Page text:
What is Meniscus Root Repair?
Meniscus root repair is a surgery performed to repair a torn meniscus root. Meniscal repair may be performed either by open surgery under direct vision or minimally invasively using an arthroscope that can be inserted into the knee through a very small key-hole incision to locate and repair the damaged meniscus.
Meniscal root tears are characterized as soft tissue or bony root avulsion injuries or radial tears located within 1 cm of the meniscus root attachment. They can be either a tear which disconnects the root area completely from the body of the meniscus (complete radial tear) or a disruption of the meniscus attachment directly from the bone (true meniscus root tear) that can cause the whole meniscus to lose its capacity to safeguard the underlying cartilage.
Meniscal root tears are one of the most common injuries to the knee joint. They occur in younger patients as a result of high energy trauma, but most cases occur in individuals above the age of 40 years following a minor traumatic event due to degeneration of the meniscus with age. A torn meniscus causes pain, swelling, stiffness, and a catching or locking sensation in your knee making you unable to move your knee through its complete range of motion.
Anatomy of Meniscus
The meniscus is a small, "C" shaped piece of cartilage in the knee joint. Each knee has two menisci, the medial meniscus on the inner aspect of the knee and the lateral meniscus on the outer aspect of the knee. The medial and lateral menisci act as a cushion between the thigh bone (femur) and shin bone (tibia). The main function of the menisci is to improve load transmission. A fairly round femur sits on a fairly flat tibia to form the knee joint. Without the menisci, the area of contact force between these 2 bones would be small, increasing the contact stress. The menisci also provide lubrication, shock absorption, and joint stability.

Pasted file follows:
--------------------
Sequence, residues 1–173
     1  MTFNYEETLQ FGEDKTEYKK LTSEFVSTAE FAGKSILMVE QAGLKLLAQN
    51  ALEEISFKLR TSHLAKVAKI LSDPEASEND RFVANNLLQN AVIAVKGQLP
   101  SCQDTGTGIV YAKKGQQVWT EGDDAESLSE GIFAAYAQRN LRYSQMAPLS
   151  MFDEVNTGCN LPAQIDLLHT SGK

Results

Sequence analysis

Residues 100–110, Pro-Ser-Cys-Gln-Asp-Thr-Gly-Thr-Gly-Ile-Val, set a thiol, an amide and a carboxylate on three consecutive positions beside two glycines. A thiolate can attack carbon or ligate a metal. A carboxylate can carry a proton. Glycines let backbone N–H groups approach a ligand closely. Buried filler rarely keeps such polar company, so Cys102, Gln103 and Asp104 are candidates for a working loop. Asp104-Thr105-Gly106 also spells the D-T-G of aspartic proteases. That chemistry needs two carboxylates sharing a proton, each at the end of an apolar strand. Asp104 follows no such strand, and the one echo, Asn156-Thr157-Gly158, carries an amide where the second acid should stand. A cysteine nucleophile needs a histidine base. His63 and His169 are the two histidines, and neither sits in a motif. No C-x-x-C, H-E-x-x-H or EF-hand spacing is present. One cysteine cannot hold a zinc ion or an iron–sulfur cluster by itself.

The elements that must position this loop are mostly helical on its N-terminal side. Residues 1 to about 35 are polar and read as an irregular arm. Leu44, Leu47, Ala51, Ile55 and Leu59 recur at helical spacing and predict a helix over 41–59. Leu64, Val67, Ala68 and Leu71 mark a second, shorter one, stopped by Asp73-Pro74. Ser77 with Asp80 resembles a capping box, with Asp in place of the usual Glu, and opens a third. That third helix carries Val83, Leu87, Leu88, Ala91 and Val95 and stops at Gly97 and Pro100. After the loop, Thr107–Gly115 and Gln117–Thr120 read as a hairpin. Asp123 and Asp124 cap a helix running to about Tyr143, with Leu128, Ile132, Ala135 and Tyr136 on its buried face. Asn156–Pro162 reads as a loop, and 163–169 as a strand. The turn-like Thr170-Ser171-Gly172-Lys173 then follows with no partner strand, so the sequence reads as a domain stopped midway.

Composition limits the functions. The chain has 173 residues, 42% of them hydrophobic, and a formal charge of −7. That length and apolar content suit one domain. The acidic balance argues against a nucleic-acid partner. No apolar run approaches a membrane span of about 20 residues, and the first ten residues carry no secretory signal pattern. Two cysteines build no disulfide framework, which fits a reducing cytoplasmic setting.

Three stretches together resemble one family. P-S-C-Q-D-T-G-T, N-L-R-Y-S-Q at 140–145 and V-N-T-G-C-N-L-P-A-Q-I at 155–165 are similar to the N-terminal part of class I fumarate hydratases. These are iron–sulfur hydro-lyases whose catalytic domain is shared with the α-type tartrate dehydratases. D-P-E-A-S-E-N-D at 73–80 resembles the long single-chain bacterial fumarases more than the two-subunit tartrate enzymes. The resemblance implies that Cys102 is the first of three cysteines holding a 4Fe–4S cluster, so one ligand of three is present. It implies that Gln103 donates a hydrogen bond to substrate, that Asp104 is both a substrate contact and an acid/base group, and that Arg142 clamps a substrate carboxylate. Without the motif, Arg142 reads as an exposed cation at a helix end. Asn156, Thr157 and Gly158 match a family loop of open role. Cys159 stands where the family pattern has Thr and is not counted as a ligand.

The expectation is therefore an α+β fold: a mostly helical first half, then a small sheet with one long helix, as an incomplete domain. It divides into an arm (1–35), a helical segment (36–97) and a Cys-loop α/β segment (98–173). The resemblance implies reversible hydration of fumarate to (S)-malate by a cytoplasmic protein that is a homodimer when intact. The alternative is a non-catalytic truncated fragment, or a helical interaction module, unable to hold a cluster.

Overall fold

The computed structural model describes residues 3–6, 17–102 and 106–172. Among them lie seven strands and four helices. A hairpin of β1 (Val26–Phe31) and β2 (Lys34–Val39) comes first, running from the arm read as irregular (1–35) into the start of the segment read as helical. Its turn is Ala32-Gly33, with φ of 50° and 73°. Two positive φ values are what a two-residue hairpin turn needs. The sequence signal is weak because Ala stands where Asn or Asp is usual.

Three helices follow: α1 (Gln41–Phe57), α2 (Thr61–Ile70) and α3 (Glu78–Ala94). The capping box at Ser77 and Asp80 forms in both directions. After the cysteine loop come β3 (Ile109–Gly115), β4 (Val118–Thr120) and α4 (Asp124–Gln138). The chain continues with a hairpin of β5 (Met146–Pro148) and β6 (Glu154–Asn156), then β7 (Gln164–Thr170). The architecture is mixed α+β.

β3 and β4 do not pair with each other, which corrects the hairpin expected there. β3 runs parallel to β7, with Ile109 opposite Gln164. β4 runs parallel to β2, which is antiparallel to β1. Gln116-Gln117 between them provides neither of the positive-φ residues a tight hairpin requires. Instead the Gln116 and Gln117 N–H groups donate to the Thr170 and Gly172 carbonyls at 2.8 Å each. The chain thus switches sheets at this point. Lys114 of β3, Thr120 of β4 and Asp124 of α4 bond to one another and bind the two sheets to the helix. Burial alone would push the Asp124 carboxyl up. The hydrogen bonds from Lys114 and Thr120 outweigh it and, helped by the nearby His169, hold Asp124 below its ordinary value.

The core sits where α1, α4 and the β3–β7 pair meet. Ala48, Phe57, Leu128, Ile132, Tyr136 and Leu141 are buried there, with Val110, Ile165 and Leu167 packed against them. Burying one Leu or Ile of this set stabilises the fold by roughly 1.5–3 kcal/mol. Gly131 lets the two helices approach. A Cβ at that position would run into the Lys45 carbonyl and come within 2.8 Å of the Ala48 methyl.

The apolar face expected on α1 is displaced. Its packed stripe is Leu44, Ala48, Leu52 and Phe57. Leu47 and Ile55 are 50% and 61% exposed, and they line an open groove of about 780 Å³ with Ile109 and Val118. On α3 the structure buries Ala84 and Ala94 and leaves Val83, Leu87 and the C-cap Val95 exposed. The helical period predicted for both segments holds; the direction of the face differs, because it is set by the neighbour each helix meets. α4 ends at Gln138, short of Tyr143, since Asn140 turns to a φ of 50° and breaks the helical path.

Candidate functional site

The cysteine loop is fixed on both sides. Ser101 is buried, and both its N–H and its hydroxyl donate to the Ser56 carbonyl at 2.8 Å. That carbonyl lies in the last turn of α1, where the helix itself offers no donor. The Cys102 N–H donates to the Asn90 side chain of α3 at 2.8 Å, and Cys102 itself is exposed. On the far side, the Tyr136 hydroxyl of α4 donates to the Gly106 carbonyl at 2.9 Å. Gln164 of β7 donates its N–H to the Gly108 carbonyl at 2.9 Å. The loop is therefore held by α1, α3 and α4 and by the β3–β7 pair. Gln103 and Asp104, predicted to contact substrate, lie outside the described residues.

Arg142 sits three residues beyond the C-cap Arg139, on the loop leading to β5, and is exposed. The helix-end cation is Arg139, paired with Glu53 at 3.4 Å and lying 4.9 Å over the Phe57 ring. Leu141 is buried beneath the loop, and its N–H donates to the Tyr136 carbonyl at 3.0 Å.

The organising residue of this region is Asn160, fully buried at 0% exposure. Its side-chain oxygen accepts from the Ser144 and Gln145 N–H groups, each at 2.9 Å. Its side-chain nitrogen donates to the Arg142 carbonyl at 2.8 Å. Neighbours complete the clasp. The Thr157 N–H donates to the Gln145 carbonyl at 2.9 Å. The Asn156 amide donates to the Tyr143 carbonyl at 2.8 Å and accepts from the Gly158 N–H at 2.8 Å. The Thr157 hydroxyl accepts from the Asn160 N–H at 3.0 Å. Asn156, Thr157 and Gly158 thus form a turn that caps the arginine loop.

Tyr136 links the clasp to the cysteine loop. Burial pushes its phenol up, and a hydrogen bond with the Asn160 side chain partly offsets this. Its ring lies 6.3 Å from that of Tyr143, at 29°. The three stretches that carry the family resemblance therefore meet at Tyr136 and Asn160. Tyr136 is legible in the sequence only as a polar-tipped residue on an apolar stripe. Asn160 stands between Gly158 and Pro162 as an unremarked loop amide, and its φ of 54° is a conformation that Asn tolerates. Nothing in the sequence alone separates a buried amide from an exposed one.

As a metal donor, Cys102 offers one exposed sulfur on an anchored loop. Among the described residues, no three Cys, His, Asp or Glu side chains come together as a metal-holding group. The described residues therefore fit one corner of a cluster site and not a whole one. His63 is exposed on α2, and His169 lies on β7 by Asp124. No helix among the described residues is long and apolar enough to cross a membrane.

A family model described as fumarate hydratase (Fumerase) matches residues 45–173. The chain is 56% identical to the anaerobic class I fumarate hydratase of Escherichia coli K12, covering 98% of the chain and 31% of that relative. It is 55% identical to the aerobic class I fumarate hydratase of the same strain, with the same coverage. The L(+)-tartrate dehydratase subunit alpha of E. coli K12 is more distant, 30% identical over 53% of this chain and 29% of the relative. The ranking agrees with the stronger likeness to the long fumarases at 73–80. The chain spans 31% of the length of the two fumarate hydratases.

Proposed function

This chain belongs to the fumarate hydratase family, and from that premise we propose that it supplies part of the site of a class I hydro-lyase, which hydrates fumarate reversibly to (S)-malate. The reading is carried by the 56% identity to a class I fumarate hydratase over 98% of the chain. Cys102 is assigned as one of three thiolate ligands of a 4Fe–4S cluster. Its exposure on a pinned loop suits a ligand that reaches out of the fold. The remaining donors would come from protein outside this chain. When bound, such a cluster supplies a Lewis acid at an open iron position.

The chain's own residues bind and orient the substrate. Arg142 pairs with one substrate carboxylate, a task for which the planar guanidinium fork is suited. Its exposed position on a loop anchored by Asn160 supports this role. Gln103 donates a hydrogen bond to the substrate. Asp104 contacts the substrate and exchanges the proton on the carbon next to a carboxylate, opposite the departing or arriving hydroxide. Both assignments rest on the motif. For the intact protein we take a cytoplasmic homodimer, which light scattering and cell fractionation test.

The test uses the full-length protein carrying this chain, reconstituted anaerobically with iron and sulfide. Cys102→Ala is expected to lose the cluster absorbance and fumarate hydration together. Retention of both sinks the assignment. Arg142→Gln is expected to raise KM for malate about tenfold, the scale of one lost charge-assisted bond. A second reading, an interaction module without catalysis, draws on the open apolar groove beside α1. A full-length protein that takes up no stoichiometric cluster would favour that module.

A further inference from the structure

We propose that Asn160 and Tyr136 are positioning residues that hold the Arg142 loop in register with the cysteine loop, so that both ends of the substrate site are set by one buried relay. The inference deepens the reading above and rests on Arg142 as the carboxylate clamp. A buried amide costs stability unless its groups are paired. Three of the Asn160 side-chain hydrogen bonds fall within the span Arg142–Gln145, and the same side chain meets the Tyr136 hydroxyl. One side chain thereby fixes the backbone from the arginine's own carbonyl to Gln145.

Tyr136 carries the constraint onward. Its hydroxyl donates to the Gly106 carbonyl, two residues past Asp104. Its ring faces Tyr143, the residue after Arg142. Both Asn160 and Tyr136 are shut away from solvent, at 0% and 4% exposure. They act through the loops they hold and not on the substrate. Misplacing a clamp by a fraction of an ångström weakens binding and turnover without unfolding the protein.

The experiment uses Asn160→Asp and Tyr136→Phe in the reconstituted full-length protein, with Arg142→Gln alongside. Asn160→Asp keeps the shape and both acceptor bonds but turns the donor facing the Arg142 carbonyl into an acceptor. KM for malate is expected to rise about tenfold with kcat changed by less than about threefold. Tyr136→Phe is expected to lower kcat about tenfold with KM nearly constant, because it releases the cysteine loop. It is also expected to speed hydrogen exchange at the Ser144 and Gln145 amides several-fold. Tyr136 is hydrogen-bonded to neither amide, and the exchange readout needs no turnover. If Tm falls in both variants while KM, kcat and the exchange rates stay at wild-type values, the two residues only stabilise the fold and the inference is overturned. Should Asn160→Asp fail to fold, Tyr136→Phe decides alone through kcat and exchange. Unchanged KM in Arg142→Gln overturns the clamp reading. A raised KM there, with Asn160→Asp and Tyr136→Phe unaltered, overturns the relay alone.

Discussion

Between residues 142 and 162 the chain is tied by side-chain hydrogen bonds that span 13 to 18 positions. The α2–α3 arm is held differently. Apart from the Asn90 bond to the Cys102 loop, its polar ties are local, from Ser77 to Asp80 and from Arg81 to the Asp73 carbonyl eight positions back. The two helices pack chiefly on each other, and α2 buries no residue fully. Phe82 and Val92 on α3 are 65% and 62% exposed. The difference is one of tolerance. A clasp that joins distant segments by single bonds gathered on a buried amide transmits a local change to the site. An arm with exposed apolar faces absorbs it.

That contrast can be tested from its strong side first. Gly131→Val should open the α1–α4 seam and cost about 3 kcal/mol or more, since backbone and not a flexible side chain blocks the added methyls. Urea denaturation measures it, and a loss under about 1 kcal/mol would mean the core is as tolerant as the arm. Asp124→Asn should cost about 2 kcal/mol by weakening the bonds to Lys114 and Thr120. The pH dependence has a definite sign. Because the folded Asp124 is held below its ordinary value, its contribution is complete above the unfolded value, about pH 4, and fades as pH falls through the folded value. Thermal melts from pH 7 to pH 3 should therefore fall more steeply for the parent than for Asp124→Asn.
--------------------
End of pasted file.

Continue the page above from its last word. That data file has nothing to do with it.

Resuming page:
Preparation for Meniscus Root Repair
Preoperative preparation for meniscus root repair will involve the following steps:
- A thorough examination by your doctor is performed to check for any medical issues that need to be addressed prior to surgery.
- Depending on your medical history, social history, and age, you may need to undergo tests such as blood work and imaging to help detect any abnormalities that could threaten the safety of the procedure.
- You will be asked if you have allergies to medications, anesthesia, or latex.
- You should inform your doctor of any medications, vitamins, or supplements that you are taking.
- You should refrain from medications or supplements such as blood thinners, aspirin, or anti-inflammatory medicines for 1 to 2 weeks prior to surgery.
- You should refrain from alcohol or tobacco at least a week prior to surgery.
- You should not consume any solids or liquids at least 8 hours prior to surgery.
- Arrange for someone to drive you home as you will not be able to drive yourself after surgery.
- A written consent will be obtained from you after the surgical procedure has been explained in detail.
Procedure for Meniscus Root Repair